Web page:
I have a 6 month old baby and the father and I were never married. I live in Atlanta and he lives in another state. He has not legitimized our child and am not sure if he plans to. He wants to avoid any legal proceedings (my guess is he does not want to pay child support as he has not contributed anything financially during the pregnancy or during the six months since the birth). I have been allowing him to visit and spend time with the baby; however, it has been very difficult as he continues to make demands such as wanting me to change my plans so he can visit on short notice and when he's here, he wants to take our daughter to his hotel so he can have alone time with her. Is it reasonable for me to tell him that his visitation will be on my terms until he legitimizes her?
I highly recommend that you speak with a lawyer - not to retain them for any services but just to get a better understanding of the law, your rights, his rights, and what Courts may look to in the future if there ever is a legitimation case. It would be worth the money spent in an hour or two consultation. A few things to know related to your question:
1) Until he legitimates the baby, he has no custodial rights at all. This means that he has no rights to visitation, to be informed of what is going on, etc.
That being said, I do not recommend that you completely cut him off or anything like that because, whenever he does file to legitimate, you want to be able to tell the Court that you allowed him to visit on reasonable terms, etc. For custody, the Court will want to see that you did not simply keep the Father out of the child's life. I have seen judges change custody in some cases when this has happened (and there is another parent who claims to want primary custody).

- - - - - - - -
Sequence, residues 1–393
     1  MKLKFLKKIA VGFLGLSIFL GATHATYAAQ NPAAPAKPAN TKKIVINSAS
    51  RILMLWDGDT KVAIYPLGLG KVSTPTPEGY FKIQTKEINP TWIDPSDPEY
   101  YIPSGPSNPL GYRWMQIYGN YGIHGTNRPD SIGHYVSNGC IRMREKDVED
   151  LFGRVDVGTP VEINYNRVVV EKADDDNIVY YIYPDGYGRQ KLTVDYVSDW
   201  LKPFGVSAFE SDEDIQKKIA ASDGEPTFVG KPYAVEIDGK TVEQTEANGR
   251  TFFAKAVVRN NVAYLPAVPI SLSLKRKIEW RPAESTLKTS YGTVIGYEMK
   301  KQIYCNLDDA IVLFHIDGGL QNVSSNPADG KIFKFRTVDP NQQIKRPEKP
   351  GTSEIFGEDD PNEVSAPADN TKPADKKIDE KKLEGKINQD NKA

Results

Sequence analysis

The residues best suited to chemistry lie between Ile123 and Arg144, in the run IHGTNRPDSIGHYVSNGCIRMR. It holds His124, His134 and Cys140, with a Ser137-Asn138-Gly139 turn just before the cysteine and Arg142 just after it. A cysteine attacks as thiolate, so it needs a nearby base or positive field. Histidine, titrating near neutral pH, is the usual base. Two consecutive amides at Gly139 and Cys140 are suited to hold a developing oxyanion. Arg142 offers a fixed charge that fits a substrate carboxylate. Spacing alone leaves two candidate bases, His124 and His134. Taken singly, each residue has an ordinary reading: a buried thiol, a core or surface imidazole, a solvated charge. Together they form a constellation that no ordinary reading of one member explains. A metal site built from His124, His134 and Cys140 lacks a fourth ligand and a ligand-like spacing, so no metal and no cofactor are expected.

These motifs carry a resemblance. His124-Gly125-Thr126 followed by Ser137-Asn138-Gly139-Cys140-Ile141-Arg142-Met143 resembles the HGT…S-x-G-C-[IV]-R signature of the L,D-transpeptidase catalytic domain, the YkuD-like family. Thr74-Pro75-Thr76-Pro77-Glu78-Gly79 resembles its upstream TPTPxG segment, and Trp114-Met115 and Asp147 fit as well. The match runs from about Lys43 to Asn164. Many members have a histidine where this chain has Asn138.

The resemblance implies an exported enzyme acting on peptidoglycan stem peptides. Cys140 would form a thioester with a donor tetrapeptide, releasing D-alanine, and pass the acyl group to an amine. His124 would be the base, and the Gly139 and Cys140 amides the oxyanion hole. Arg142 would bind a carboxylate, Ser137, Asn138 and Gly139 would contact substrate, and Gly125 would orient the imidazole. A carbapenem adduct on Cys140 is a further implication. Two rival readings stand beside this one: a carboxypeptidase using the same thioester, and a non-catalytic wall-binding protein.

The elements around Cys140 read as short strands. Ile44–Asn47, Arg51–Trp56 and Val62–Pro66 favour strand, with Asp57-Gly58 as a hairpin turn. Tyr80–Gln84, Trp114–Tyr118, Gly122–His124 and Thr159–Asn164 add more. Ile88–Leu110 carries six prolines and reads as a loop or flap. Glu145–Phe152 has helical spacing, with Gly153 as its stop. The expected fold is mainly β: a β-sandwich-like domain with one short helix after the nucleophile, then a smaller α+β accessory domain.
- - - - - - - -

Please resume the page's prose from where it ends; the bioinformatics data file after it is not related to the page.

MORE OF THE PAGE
2) Even though he has not legitimated and has no custodial rights, he STILL HAS an obligation to pay child support. You can request child support be paid through Child Support Services.
That being said, some Mothers choose not to initiate child support because it may lead to the Father then filing to legitimate the child. (If he is going to pay child support, he will likely want to establish his legal rights to the child.)
3) Do your best to keep your communications in a written form -- ideally email rather than text messages -- and keep a copy of these communications. They may be helpful later if you need to show a Court that you have been reasonable.
4) As far as the specifics of when, how often, etc., I recommend that you call an attorney and speak with them. You can tell them what you have allowed to happen, what your concerns are, and you and the attorney can brainstorm ways to address your concerns, etc. The parenting time situations with young babies are different than with older children because of things like their schedule, breast feeding if you are doing that, and the fact that they are still developing familiarity with people.
I recommend that you call some attorneys, find someone you are comfortable with and get some more information for your situation!
He has no rights at all without legitimization, so you can do as you please unless a court says otherwise. And if you pursue support, as you should, he has to pay regardless of any court order.
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Why are you allowing visitation at all? He's not supporting her, and he is obligated to do so REGARDLESS of whether he legitimizes her.
I think you'd be a fool to turn your child over to anyone who has no legal right to her. What if she gets sick or injured while in his care? He has no legal authority to authorize medical care for her. That's just an example, but there are all sorts of situations where his lack of any legal authority over her could make a bad situation worse.
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